3. Paterson: Director Jim Jarmusch’s film about a week in the life of a bus driver/poet is a quietly humorous look at the creative drive. Paterson (Adam Driver) lives in Paterson, NJ with his wife Laura and their dog. During his daily routine driving the bus for the city, he uses his observations of the day to fuel his writing. Meanwhile his wife stays at home working on any one of several craft projects, always with a new idea. Jarmusch is a master of building a character-driven story around a simple premise, and this might be his most entertaining effort since 2005’s Broken Flowers.

2. Sing Street: Sing Street plows familiar ground and manages to grow something completely & genuinely fresh and new, with killer music, solid performances, and a palpable statement about the daring of youth. The theme of brotherhood, both among friends and actual blood brothers is palpable and universal.

1. Hell or High Water: This movie has the feel of a 1970s road film like Thunderbolt & Lightfoot or The Sugarland Express updated for the present day.  The film is full of witty dialogue and humor, but the story can get violent fast, and often unexpectedly.  This creates an uneasiness to the story, in that one easily empathizes with the brothers, while also being shocked by the actions they take. One of the truly perfect films of the year.

 

Henry J. Fromage

Once again, I’m giving you way too much to watch.  Sue me.*

Unfairly Maligned or Ignored:

Passengers, Ben-Hur, 13 Hours: The Secret Soldiers of Benghazi, Whiskey Tango Foxtrot, Free State of Jones, Snowden, Allied, War Dogs, Knight of Cups, Risen, Bleed for This, Race, Billy Lynn’s Long Halftime Walk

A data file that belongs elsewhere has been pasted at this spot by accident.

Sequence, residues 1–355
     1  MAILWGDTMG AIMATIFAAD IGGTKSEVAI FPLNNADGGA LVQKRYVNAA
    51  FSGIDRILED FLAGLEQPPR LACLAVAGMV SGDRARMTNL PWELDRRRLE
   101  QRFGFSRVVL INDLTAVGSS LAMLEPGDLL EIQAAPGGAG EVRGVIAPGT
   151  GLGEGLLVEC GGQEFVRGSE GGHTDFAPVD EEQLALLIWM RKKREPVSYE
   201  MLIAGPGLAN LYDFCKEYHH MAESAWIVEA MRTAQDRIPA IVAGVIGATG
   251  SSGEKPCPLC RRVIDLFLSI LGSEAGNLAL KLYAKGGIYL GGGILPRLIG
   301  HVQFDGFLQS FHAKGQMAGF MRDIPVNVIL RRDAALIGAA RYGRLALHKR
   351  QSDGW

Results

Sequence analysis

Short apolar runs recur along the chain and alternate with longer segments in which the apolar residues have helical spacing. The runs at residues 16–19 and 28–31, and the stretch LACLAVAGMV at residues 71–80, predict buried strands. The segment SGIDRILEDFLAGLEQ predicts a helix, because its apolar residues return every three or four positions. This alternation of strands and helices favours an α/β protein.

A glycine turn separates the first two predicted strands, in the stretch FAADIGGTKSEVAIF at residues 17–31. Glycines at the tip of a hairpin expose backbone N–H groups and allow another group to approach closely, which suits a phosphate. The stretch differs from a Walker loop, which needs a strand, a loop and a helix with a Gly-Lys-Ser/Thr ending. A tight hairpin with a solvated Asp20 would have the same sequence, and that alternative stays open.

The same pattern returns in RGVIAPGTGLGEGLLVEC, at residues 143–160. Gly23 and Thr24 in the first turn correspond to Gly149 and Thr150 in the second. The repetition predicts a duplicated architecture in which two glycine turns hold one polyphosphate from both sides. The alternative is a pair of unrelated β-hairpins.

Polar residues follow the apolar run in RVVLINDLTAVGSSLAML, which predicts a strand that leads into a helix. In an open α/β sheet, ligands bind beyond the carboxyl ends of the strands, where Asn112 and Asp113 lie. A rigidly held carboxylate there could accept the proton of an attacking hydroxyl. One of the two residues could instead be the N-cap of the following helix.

Studies in Pure Entertainment:

Captain America: Civil War, Lights Out, Ghostbusters, The Shallows, Finding Dory, Central Intelligence, Now You See Me 2, Pop Star: Never Stop Stopping, Neighbors 2, Keanu, Elvis & Nixon, The Jungle Book, The Brothers Grimsby, Deadpool, Hardcore Henry, Dr. Strange, Stark Trek Beyond, The Shallows, Don’t Breathe, A Hologram for the King, Midnight Special, The Mermaid, 10 Cloverfield Lane, Band of Robbers, Moana, Storks, Ouija: Origin of Evil, Masterminds, Rogue One, Nerve, 

Docs to Watch:

The Seventh Fire, Lenny Cooke, My Love Don’t Cross that River, Tickled, How to Let Go of the World, Pervert Park, Lo & Behold: Reveries of the Connected World, My Scientology Movie, They Will Have to Kill Us First, Theo Who Lived, O.J.: Made in America, Accidental Courtesy, Southwest of Salem: The Story of the San Antonio Four, 13th, Weiner, Fire at Sea, Holy Hell, Under the Sun, City of Gold, Zero Days, Prophet’s Prey, Into the Inferno, Life Animated, Jim: The James Foley Story, I am Not Your Negro